Wednesday, September 8, 2010

Secure Communities Program

The Department of Homeland Security's (DHS) Secure Communities Program is yet another immigration issue stirring up controversy and new coverage in recent weeks.

The program was started under the Bush administration and has been rapidly expanded under the Obama Administration with the goal of modernizing the criminal alien enforcement process by identifying criminal aliens with enhanced biometric technology used by local law enforcement.  In plain language, the program takes fingerprints gathered by local law enforcement during the booking process and checks them against FBI criminal history records and DHS's immigration records.  Where matches are found, Immigration and Customs Enfocement (ICE) is notified and determines whether further action is necessary.  DHS claims the program will increase the agency's ability to efficiently and accurately identify high priority criminal aliens for removal.

The program is being rolled out in phases, with new localities being added frequently.  Currently, 100% of Virginia's local jurisdictions have implemented the Secure Communities Program.  DHS plans to have the program fully implemented nationwide by 2013.  Unlike the 287(g) powers recently requested by Governor McDonnell,  the Secure Communities program does not give local law enforcement any immigration enforcement powers.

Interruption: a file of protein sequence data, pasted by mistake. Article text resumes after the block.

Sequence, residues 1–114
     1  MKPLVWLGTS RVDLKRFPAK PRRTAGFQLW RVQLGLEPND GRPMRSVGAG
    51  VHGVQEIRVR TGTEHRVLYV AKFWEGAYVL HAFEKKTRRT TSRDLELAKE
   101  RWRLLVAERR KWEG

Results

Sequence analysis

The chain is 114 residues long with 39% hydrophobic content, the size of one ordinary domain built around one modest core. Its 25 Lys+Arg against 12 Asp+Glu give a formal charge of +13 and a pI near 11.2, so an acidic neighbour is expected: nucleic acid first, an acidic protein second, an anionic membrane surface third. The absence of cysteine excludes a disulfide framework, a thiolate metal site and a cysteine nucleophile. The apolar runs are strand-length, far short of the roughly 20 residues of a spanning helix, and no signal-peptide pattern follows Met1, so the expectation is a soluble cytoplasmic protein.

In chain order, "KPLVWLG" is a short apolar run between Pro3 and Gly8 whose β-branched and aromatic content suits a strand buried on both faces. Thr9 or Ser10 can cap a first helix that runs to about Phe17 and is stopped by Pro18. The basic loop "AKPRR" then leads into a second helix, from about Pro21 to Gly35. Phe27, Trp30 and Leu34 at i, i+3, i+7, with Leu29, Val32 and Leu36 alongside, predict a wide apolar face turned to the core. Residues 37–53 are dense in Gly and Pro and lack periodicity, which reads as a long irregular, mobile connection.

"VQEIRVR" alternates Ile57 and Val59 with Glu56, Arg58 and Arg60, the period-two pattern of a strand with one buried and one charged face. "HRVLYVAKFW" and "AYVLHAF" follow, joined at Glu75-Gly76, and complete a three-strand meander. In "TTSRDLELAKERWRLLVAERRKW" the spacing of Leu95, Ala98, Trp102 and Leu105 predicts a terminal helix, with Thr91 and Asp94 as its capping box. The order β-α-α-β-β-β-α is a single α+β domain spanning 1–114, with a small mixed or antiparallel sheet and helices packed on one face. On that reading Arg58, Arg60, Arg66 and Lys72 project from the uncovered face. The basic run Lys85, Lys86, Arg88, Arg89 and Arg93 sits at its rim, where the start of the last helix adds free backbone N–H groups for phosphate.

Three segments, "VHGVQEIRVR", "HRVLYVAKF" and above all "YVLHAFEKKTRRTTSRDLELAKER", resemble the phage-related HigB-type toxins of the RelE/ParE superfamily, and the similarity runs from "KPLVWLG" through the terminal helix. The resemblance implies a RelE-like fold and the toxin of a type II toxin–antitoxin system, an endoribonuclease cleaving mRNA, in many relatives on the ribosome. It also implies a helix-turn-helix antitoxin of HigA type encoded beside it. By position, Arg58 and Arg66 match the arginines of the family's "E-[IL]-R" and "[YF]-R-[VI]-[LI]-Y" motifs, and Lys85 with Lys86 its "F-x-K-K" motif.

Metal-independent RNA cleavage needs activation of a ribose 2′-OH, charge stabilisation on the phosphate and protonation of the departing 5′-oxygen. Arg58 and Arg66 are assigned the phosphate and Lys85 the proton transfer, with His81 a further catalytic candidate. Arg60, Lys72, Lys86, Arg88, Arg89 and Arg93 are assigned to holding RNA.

As might be expected, not everyone is a fan of the Secure Communities program.  Some argue that it has the potential for misuse by local police, who may be more likely to find a pretext to arrest those they suspect of being undocumented in hopes that a fingerprint scan will result in ICE instituting removal action.  Others argue that immigrant communities may become hesitant to seek aid from or cooperate with local law enforcement due to their involvement with ICE, leading to communities that are actually less secure.

As a result of these concerns, some localities have attempted to opt out of the Secure Communities Program. While ICE appears to concede that the program is voluntary, it appears that no one, including ICE, knows exactly how a locality may opt out.

Find out more about the program and the opposition below:

ICE Secure Communities Fact Sheet
National Immigration Forum Fact Sheet
ICE's "Setting the Record Straight" Memo Responding to Opposition
Opt Out Controversy Article

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